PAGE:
Canada Trudeau to appear in film about slavery with senator who criticized him over blackface
Tom Mulcair: Will anyone in Ottawa stand up to Legault?
In the run-up to the election, the federal political parties have been falling over each other trying to be the first in line to kiss François Legault’s ring. That gives the province and its premier an importance they haven’t had in a long time. Justin Trudeau’s Liberals still rule the roost in Greater Montreal, but the Bloc Québécois continues to nip at their heels. Bloc Leader Yves-François Blanchet has to play his own cards wisely because Legault is of two minds about seeing more separatists elected federally. Legault is very much aware that a resurgent Bloc would be able to provide support and resources to rival Parti Québécois in the next provincial election.
Amid ongoing speculation about a summer or fall election, Prime Minister Justin Trudeau will have to appear in a film about slavery, which will be broadcast on YouTube after the government failed to secure private-sector interest.
On Monday, Canadian Heritage announced the 60-minute film will be released on Emancipation Day — Aug. 1 — to commemorate the day in 1834 that the Slavery Abolition Act took effect across the British Empire, abolishing slavery.
Corbella: Trudeau's government is kryptonite to Superman industry that's saving the world
It’s safe to say that if the industry producing COVID-19 vaccines were personified, it would be Superman . By contrast, Prime Minister Justin Trudeau’s antipathy and proposed policies towards the innovative pharmaceutical industry can only be described as kryptonite . Just two days before Trudeau’s federal Liberal government was to bring in new patented medicines regulations that would have been “the final nail in the coffin” of the innovative pharmaceutical industry in Canada, according to some experts, his government kicked those kryptonic new regulations another six months down the road — to be brought back only after Trudeau holds an expected, unnecessary fede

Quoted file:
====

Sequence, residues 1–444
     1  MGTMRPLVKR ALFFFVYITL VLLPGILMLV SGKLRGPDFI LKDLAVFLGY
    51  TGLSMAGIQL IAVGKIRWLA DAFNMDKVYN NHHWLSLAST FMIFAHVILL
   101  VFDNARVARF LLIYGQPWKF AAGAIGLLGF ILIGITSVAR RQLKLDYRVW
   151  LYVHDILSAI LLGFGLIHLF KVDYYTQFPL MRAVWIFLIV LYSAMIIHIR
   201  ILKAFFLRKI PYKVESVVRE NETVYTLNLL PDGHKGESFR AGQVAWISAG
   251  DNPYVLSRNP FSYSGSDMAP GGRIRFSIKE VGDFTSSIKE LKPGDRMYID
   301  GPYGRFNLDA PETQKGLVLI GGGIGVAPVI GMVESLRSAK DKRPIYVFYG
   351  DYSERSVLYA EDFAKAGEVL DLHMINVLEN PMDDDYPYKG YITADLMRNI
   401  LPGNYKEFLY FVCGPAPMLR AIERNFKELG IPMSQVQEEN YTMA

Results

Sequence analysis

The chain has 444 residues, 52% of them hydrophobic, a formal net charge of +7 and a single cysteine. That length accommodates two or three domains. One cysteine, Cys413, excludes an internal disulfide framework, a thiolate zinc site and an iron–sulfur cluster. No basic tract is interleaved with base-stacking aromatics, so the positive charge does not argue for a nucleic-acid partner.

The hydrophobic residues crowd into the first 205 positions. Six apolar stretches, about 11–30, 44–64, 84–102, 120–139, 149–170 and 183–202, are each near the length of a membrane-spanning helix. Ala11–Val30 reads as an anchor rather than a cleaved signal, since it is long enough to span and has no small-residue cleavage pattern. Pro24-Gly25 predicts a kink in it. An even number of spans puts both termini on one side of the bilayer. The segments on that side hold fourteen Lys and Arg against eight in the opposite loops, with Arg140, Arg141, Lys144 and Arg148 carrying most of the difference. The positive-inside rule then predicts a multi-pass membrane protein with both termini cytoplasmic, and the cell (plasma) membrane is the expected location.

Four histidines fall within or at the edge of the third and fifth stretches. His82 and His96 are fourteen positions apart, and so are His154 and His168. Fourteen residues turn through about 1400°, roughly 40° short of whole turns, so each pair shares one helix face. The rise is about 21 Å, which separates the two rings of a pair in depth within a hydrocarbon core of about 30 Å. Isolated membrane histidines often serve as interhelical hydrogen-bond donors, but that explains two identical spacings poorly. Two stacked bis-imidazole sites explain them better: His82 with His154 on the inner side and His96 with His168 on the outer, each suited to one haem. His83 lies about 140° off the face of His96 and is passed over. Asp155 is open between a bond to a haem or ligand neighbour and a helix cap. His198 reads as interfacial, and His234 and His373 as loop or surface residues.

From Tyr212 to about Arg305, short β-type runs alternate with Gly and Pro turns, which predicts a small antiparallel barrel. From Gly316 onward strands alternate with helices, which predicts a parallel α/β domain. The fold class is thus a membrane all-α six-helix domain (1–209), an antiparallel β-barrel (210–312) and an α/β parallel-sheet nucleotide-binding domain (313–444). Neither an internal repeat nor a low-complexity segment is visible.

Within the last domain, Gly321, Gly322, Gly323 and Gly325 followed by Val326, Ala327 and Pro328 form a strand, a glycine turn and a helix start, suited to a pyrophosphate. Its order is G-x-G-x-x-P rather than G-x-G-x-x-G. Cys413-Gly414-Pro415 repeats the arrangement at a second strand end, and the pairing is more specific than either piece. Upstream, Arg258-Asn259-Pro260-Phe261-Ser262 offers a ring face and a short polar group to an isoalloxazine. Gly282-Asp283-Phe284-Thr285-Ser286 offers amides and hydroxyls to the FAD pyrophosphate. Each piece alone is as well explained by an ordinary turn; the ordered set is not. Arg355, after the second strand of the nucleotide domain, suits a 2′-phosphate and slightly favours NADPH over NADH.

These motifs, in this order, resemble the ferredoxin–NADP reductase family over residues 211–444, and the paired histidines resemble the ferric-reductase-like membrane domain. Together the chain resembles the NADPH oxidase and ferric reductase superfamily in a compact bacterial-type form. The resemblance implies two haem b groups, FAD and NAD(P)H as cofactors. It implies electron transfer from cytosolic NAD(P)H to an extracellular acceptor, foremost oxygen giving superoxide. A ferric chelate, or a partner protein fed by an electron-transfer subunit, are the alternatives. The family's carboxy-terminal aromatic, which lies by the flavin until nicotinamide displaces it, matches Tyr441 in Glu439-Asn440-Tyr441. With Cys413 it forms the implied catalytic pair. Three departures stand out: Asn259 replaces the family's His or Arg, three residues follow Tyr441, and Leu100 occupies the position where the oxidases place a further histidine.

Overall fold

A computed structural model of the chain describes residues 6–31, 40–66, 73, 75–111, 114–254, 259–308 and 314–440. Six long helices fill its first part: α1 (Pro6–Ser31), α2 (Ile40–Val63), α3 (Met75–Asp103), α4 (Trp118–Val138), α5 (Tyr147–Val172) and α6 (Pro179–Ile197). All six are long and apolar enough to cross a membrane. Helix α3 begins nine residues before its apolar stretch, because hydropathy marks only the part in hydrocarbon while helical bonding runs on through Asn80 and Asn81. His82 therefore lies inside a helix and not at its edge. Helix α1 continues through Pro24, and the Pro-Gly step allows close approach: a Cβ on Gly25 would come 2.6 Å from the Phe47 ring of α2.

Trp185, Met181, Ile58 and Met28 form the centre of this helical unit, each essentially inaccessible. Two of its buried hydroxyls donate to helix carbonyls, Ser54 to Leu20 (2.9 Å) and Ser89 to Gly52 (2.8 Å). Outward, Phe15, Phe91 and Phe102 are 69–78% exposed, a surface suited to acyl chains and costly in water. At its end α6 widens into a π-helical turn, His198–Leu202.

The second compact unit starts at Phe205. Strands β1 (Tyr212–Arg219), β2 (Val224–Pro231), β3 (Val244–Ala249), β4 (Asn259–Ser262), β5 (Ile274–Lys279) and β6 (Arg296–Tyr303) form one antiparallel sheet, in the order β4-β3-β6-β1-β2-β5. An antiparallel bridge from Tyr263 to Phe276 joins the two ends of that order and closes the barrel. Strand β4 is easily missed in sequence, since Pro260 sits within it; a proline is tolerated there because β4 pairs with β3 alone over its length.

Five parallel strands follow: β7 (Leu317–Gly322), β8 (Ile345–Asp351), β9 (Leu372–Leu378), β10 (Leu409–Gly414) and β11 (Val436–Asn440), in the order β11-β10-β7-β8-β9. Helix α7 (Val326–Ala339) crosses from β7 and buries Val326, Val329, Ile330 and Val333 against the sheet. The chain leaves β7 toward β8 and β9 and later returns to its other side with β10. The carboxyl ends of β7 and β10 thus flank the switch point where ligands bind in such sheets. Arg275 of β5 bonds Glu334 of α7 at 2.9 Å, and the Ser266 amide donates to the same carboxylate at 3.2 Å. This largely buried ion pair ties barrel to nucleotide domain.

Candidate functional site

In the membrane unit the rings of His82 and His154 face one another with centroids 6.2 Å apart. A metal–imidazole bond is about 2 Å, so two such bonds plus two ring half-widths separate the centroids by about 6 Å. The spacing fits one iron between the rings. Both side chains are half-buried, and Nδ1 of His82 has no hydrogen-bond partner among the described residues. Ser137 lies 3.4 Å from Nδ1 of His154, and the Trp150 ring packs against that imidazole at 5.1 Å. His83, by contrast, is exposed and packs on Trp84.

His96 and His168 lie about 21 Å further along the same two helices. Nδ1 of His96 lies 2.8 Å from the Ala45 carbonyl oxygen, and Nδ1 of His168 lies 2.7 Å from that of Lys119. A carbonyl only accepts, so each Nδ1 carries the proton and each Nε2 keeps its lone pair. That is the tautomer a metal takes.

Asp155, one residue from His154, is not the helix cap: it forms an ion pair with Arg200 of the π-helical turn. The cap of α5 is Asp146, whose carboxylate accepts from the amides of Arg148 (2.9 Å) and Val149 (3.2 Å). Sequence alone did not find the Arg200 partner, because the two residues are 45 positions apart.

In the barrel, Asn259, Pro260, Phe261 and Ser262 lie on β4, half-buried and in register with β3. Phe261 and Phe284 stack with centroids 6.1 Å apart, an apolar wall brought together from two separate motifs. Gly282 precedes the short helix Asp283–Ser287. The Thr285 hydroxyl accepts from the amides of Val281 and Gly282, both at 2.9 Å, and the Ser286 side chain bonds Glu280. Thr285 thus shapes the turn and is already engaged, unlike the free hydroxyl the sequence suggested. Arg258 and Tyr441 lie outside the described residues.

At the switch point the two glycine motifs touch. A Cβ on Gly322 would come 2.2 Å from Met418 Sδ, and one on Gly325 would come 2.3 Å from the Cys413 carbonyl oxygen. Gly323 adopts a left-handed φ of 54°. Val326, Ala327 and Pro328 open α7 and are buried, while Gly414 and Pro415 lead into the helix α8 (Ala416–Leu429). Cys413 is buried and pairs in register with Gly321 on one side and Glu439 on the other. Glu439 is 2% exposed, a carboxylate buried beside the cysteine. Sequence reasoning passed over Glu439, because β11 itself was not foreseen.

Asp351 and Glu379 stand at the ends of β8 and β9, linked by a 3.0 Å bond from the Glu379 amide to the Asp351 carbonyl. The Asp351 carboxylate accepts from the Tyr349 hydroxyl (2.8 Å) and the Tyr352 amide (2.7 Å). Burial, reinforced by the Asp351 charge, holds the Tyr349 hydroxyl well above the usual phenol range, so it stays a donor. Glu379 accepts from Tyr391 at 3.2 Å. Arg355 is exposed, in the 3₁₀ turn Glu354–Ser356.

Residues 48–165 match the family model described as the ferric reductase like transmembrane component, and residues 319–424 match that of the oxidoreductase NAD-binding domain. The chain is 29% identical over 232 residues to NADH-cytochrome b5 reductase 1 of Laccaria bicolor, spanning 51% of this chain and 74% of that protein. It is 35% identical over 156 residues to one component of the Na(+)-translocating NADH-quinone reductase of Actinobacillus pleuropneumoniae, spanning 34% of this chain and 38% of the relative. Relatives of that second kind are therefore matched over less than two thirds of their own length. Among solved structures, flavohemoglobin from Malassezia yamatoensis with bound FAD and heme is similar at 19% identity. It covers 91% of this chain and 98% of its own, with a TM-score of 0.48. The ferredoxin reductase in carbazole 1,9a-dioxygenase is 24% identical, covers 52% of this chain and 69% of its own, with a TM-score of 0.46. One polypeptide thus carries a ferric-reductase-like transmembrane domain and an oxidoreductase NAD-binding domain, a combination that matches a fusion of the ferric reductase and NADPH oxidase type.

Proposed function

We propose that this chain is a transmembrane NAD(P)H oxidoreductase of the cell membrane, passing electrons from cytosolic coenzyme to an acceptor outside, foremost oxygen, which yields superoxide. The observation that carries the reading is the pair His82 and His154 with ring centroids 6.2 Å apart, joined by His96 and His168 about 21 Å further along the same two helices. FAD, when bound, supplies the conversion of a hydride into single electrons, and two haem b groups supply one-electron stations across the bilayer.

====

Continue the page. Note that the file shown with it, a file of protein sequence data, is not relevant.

“The video will be educational in nature,” Daniel Savoie, spokesperson for the heritage department, told Blacklock’s Reporter, an Ottawa online news outlet. “It will feature Black Canadian personalities as well as storytelling from Black Canadians. We recently reached out to broadcasters around the country to see if their organization would be interested.”
The film, the department said, cost $110,000 to make.
It will also feature Bardish Chagger, the Liberal minister of diversity and inclusion and youth and Sen. Wanda Thomas Bernard, who had sponsored a bill that would have officially recognized Emancipation Day. That bill lapsed.
Bernard has previously criticized Trudeau for appearing three times in blackface. Photos of Trudeau surfaced during the last federal election.
Cannes Report Day 11: 'Memoria' Star Tilda Swinton Wins Praise, and So Do Her Dogs
Check out TheWrap's digital Cannes magazine issue here. You can find all of TheWrap's Cannes coverage here. How busy has Tilda Swinton been this Cannes? She's got five movies in the festival, she became an Internet meme along with her "French Dispatch" co-stars, and on Friday she picked up the coveted Palm Dog Award. The prize is a makeshift award created by journalists in 2001 to celebrate the best canine performers in the festival. And Swinton was on hand this year to accept her Palm Dog "collar." Turns out Swinton stars alongside her own trio of spaniels in Joanna Hogg's "The Souvenir Part II," which premiered in the Directors Fortnight section.
“It epitomizes how deeply rooted racism is in our country, how deeply rooted privilege and power is in our country,” said Bernard at the time. “These were socially-sanctioned events. It tells me racism is socially acceptable in our country.”
The film is directed by Marcus Armstrong, the founder of Introspective Films and produced in conjunction with Canadian Heritage and the National Film Board.
A news release from Canadian Heritage says the film will feature a number of prominent members of the Black Canadian community, who will “reflect on the historical significance of this day and honour the courage, resilience and perseverance of people of African descent and Indigenous people overcoming adversity throughout our history.”
“This day is an integral part of our history and the chance to recognize our past, while looking towards our consciously more inclusive future,” the release says.
The film is co-hosted by hip-hop artist Webster and Syvia Parris-Drummond, the CEO of the Delmore “Buddy” Daye Learning Institute.
Historians have suggested there were some 4,000 slaves in Canada between 1671 and 1834, the majority of which were Indigenous people. In the 18th Century, many loyalists fleeing the American revolution brought slaves north with them.
In 1793, Upper Canada (Ontario) banned the importation of slaves. Slavery in Quebec was whittled away by court decisions over the same period.
Carl Levin, Michigan's longest-serving senator, dies at 87 .
DETROIT (AP) — Famous for gazing over eyeglasses worn on the end of his nose, Carl Levin seemed at ease wherever he went, whether attending a college football game back home in Michigan or taking on a multibillion-dollar corporation before cameras on Capitol Hill. Michigan’s longest-serving U.S. senator had a slightly rumpled, down-to-earth demeanor that helped him win over voters throughout his 36-year career, as did his staunch support for the hometown auto industry. But the Harvard-educated attorney also was a respected voice on military issues, spending years leading the powerful Senate Armed Services Committee.